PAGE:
I have an Android phone and just heard about the major security problem, so what do I do?
This question was answered on July 29, 2015. Much of the information contained herein may have changed since posting.
A number of newly discovered vulnerabilities in a central Android software component called Stagefright, which is used to play, process or record multimedia files, is estimated to affect up to 95% of Android users.
According to the security researcher who discovered it, any Android device running version 2.2 through 5.1.1_r4 can potentially be exploited with a text message that contains a malicious multimedia file, better known as MMS messages.
Standard text messages that only contain text use the SMS (Short Message Service) and are not part of the problem.
Only rigged MMS (Mutlimedia Messaging Service) messages are able to take advantage of this vulnerability.
If you open a malicious MMS message, you could provide complete access to your phone to a remote hacker.
This could allow them to access anything they want on your phone or even wipe everything out, so be very careful with MMS messages, especially if you aren’t sure who sent it.
Google has been made aware of the problem and they have created a patch, but it’s probably going to be a while before your phone will get the fix.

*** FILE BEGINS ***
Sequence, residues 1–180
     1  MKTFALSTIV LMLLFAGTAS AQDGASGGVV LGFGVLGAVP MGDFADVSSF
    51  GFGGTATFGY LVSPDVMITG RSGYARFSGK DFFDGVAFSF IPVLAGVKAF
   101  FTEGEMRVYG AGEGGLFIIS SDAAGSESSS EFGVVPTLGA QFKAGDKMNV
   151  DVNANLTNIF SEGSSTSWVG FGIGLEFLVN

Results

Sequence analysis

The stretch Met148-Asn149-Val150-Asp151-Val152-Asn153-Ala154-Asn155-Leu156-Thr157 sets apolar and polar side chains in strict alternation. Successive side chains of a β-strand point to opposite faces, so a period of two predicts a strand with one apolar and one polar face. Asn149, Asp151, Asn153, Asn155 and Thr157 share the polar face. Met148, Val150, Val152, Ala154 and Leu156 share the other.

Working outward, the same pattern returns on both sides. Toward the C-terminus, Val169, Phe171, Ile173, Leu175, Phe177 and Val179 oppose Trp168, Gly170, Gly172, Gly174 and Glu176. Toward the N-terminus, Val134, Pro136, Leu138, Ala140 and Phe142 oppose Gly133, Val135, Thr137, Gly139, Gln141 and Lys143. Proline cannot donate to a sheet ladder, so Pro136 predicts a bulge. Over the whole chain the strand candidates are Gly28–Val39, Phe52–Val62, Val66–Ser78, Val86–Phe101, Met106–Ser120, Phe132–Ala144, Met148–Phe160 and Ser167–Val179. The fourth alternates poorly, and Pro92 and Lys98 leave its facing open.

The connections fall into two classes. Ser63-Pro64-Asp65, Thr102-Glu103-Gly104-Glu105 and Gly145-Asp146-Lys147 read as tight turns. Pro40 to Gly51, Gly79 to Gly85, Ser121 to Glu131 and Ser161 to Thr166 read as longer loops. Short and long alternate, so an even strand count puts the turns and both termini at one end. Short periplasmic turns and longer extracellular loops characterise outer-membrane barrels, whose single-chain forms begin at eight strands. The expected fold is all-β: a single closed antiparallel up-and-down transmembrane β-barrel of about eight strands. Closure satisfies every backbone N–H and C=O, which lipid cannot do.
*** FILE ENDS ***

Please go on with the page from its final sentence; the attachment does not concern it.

The problem is that Google can’t directly send you the fix; they have to send it to all the different phone manufacturers (Samsung, LG, HTC, Sony, etc.) who then have to work with the various carriers (Verizon, AT&T, Sprint, T-Mobile, etc.) to finally deliver the fix to your phone.
This process could take days, weeks or months, depending upon what type of handset you own and which carrier you use. (If you’re running really old versions that are no longer supported, there may never be a fix!)
With this in mind, waiting for the phone manufacturers and carriers to deliver the fix will leave you vulnerable, so here are a few things that you should do to protect yourself in the meantime:
#1: Turn off the auto-download or auto-retrieval feature on your messaging app
The option is generally located in the Settings menu of whatever messaging apps you use, which can be accessed from within each app. If you use more than one app, make sure you make the change.
#2: If you can’t find a setting to turn off MMS auto-download, stop using the app
The exploit occurs when your phone tries to process a rigged MMS message, so keeping them from ever getting on your phone is best way to protect yourself until a fix is installed.
If you can’t figure out how to stop the auto-downloads, switch to a different messaging app, such as Google Messenger (https://goo.gl/3gCHWV).
#3 Manually download MMS messages only from people you know
Since any random hacker can target you simply by knowing your phone number, it’s extremely important that you pay attention as to who is sending you MMS messages. If you don’t recognize the number, don’t let curiosity expose you!
#4 Stop using the Google Hangouts app on Android phones
The Google Hangouts app will automatically process media when it’s sent, which means you could potentially be exploited even if you don’t view the file. Most people don’t use this app, but if you do, wait for Google to patch the app.
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Posted by Ken Colburn of Data Doctors on July 29, 2015